Scheduling conflicts and packed parking lots aren't always a bad thing. Just ask Colorado Mountain College-Alpine Campus officials.
This fall, the Steamboat Springs community college has experienced an 8 percent increase in enrollment of students taking core credit classes, said Brian Hoza, head of student services at the school.
The number of degree-seeking students is up about 80 from last year's figures, Hoza said, and that number is expected to increase in January, when the campus typically admits an additional 40 students. Officials anticipate total fall semester enrollment -- including community members who take non-credit classes -- to top 1,800 once winter-specific courses begin in November and December.
"We're kind of bursting at the seams right now," campus dean Dr. Robert Ritschel said Wednesday. "But it's a good problem to have."
The school's increased numbers forced campus officials to juggle schedules and extend the academic week through Friday afternoon, Hoza said. On-campus dorms were full by the middle of June, and for a while, the school had three students to a room. Parking availability also has been a concern.
"All of our campus facilities have been tighter," Hoza said. "With more students on campus and more full-time, degree-seeking students, there are parking issues. We haven't run out, but we've had to work a little bit for people to find spots during the week."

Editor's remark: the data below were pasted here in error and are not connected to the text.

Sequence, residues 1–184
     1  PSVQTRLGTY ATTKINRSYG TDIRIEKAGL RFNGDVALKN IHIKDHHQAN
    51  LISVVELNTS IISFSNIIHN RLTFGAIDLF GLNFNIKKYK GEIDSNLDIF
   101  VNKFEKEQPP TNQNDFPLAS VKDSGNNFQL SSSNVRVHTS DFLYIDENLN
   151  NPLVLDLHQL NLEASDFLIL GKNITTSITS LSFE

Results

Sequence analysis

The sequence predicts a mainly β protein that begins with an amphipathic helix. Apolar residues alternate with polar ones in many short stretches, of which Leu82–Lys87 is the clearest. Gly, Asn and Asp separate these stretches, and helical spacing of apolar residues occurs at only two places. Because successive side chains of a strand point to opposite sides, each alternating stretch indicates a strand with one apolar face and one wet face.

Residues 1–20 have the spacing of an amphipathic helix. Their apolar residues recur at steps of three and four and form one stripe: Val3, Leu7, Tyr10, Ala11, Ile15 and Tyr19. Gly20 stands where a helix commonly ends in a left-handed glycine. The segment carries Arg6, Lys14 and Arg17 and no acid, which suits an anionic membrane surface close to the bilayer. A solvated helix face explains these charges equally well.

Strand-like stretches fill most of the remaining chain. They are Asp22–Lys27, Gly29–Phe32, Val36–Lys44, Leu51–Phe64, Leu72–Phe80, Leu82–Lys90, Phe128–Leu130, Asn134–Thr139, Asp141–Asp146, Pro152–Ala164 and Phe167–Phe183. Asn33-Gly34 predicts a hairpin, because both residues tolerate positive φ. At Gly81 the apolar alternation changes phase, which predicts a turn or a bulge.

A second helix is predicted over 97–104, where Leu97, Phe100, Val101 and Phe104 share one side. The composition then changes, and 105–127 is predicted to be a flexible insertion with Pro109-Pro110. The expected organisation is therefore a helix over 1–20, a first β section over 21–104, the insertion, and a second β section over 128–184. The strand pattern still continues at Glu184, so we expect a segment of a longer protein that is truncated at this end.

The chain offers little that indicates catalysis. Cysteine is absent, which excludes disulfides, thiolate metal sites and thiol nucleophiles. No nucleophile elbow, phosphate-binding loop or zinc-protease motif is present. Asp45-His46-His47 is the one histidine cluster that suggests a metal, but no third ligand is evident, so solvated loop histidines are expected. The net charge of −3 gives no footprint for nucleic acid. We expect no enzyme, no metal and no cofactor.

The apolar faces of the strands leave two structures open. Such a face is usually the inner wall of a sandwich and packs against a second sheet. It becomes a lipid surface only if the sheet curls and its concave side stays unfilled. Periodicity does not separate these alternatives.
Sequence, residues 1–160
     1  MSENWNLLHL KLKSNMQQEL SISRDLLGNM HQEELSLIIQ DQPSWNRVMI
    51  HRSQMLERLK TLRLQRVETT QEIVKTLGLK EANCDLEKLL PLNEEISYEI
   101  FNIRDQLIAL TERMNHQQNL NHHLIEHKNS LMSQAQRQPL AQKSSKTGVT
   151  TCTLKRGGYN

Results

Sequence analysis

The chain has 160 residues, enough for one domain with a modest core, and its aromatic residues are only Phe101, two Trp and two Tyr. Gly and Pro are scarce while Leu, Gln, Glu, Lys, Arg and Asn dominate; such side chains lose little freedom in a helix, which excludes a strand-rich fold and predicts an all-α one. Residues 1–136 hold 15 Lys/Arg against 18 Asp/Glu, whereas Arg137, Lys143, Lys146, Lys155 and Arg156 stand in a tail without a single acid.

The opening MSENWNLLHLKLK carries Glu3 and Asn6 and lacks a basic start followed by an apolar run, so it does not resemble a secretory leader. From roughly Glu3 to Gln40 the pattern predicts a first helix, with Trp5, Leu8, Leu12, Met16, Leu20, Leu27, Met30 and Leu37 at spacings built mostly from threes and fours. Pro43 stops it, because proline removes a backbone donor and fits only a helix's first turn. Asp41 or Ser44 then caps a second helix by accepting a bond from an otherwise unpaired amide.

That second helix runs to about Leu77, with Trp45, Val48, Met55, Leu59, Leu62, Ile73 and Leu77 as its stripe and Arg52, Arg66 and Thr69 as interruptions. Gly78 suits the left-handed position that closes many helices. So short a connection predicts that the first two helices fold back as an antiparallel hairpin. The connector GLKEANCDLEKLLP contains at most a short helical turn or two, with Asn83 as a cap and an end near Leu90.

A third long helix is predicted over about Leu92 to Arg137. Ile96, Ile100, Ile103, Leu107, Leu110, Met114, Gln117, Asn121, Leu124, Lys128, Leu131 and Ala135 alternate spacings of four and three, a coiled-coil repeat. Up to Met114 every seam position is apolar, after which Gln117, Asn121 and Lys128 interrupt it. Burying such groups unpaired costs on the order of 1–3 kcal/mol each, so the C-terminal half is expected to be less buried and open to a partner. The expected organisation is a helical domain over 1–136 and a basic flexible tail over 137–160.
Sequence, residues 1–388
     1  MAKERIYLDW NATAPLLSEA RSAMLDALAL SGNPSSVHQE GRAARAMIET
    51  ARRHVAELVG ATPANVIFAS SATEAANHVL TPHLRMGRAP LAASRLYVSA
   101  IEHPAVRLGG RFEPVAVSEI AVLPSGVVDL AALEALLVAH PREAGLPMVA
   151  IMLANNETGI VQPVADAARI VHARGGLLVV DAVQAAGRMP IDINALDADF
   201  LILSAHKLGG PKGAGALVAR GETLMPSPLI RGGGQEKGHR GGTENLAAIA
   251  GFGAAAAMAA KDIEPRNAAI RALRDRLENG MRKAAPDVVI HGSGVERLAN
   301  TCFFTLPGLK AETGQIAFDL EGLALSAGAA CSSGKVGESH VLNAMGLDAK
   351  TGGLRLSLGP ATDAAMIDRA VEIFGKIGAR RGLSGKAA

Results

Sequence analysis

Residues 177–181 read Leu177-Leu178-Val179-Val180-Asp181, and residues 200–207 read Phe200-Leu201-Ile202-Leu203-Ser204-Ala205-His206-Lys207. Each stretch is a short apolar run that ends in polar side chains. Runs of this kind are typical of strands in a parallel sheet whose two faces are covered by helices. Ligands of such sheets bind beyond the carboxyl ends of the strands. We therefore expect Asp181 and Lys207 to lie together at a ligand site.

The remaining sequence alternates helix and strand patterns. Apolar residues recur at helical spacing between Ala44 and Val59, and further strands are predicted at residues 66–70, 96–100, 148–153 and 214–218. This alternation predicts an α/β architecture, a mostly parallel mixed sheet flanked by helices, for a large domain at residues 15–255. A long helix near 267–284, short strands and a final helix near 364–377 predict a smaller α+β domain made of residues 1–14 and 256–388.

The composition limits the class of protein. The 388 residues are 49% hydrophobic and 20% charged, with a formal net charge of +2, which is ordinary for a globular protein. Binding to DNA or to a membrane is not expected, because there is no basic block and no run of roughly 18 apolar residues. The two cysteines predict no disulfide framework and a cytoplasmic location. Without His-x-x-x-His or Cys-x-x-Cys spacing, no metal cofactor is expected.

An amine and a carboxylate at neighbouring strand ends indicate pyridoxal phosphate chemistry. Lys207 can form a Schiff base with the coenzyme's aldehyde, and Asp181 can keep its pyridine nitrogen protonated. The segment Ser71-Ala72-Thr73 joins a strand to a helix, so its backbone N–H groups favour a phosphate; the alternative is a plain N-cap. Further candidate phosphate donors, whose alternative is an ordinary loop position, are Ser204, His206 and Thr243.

More and more students are biking to class or using public transportation.
While the enrollment increase has caused some headaches, its benefits far outweigh the drawbacks, Hoza said.
The school is offering more courses to an increasingly well-rounded student body, which has brought greater diversity to classrooms and student organizations, he said.
"The whole climate is a good one," Hoza said. "The students are extremely involved both in and out of the classroom."
The number of student groups and clubs on campus has nearly doubled, Hoza said, from a typical year of 13 groups to more than 20 this year.
The spike in enrollment is attributed to several factors, including the struggling economy, tuition increases at most higher education institutions across the state and country and a guaranteed credit-transfer rule that helps ensure hours earned at one state school transfer to another state school, Hoza said.
School officials hope the credit-transfer rule will result in a higher student retention rate as students realize core classes they take at community colleges are on par with similar courses offered at four-year institutions, he said.
The Alpine Campus doesn't have aspirations of extensive growth, despite the increased attention it has received this fall. The campus takes pride in offering small classes in a community environment and officials don't want to lose the benefits reaped in that atmosphere, Hoza said. They do, however, hope to offer more diversified courses in the future, particularly those relating to fine arts.
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